The Obama stimulus package: Boom or bust?
By Rachel Farrell
Politicians have made their opinions known about President Barack Obama's $787 billion economic stimulus package. For an academic perspective, Kellogg World turned to Mitchell Petersen, the Glen Vasel Professor of Finance at the Kellogg School. The finance and economics expert researches empirical corporate finance and how firms evaluate and fund potential investment projects.
Kellogg World: What are your first impressions of the economic stimulus plan?
Prof. Mitchell Petersen: Part of [the plan is driven by] psychology and part of it is economics. In the depths of the Great Depression, FDR made speeches that were light on economic specifics and heavy on psychology. He realized that psychology does influence the economy. If you're optimistic and feel good about tomorrow, you're more likely to invest, more likely to work, more likely to make sacrifices today for the future. If you're very scared about the future, you're going to save more, you're going to consume less and most importantly, you're not necessarily going to invest for the future.
KW: What changes could improve the stimulus package?
MP: I think for the markets to be comfortable with the stimulus, two things need to happen. One, there needs to be a clear articulation of what we're trying to accomplish. And it can't be [something as general as] "We're trying to get the economy going," or "We're trying to solve the banking crisis." [The government] needs to articulate the fundamental problem with the banking crisis or the economy, and explain how this stimulus is going to fix it. Two, it would be nice to have some benchmarks for how we're going to evaluate progress.
KW: Why is it so difficult to predict how effective this stimulus package will be?
MP: If we borrow money [to spend], that means we're going to have to cut spending or increase taxes next year [or at some future date]. If I tell you I'm going to give you $1 today, and I'm going to tax you $1.05 next year, how do you change your spending? Some people will say, "I'm not going to increase my spending at all; I'm going to put that dollar in the bank and save it for the $1.05 I'll owe next year." In that case, government spending has no effect. For the spending to have an effect, we need people to not think too much about that future tax liability. They need to believe that they received a dollar for free, and that they can go spend it. It's incredibly difficult academically and in practice to estimate [how people will spend], since we must compare what did happen to what would have occurred had there been no increase in government spending. We can't measure the other reality that did not occur.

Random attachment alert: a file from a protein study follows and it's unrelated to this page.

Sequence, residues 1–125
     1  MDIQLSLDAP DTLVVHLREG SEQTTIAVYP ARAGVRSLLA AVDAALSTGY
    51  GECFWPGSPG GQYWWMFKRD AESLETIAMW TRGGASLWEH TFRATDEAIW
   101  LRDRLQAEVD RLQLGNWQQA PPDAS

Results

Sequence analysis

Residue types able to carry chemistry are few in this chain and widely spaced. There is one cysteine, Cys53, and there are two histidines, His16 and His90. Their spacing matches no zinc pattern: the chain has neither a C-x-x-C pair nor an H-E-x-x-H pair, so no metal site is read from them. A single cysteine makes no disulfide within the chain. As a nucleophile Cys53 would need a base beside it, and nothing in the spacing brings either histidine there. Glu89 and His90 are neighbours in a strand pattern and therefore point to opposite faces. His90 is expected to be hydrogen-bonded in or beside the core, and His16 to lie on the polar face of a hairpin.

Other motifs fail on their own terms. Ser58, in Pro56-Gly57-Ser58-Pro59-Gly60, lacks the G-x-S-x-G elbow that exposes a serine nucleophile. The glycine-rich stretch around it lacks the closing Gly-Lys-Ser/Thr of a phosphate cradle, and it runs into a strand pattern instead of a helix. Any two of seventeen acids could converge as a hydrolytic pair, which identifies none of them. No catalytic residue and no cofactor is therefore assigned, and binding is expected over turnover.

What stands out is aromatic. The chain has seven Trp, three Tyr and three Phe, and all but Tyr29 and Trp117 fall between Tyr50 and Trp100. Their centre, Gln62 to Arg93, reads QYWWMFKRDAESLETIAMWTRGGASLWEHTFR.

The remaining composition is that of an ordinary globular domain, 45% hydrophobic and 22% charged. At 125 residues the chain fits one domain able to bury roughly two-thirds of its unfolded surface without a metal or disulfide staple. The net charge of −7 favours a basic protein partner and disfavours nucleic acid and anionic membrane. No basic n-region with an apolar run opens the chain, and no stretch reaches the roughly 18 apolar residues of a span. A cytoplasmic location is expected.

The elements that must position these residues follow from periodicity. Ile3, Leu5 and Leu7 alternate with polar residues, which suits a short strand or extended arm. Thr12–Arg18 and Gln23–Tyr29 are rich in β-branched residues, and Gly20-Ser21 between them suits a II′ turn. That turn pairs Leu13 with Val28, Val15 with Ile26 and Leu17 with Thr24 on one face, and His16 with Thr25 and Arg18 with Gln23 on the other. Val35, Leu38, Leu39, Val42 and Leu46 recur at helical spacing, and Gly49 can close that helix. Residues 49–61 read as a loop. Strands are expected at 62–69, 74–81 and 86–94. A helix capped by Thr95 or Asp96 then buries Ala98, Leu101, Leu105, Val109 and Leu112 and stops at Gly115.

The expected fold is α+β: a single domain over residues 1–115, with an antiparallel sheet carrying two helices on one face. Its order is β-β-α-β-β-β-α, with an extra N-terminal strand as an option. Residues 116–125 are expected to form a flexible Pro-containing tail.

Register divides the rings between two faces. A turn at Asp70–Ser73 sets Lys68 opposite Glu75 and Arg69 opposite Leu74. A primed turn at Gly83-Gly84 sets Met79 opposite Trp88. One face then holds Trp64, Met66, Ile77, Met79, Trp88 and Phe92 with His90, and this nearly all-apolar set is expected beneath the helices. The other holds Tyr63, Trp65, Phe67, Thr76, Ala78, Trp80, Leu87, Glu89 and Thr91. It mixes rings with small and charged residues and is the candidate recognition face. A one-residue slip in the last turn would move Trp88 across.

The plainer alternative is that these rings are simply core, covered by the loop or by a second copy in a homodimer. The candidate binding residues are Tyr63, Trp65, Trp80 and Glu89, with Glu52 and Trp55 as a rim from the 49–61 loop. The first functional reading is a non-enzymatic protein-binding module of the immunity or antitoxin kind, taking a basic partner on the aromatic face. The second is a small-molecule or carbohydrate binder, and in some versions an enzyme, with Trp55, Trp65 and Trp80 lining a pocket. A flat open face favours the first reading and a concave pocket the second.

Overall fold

KW: In what areas should the government invest?
MP: The answer is the same as I give my class. Invest in projects whose future value exceeds the cost of the capital. Driving around, it seems like we have a lot of potholes. So [infrastructure] seems like an investment which needs to be done anyway. The issue I worry about is if you ramp up spending in a small sector of the economy very quickly, supply curves are very steep. It's difficult to get enough equipment and capacity and labor into small sectors of the economy quickly. So what often happens is you essentially increase the price of all those inputs, and you don't see a large increase in quantity. Education is another area to consider. In the last two decades, we've said that our schools are in desperate need of capital. If we're going to spend money somewhere, maybe that's where we should spend it — not just to get the economy going, but as a long-term investment.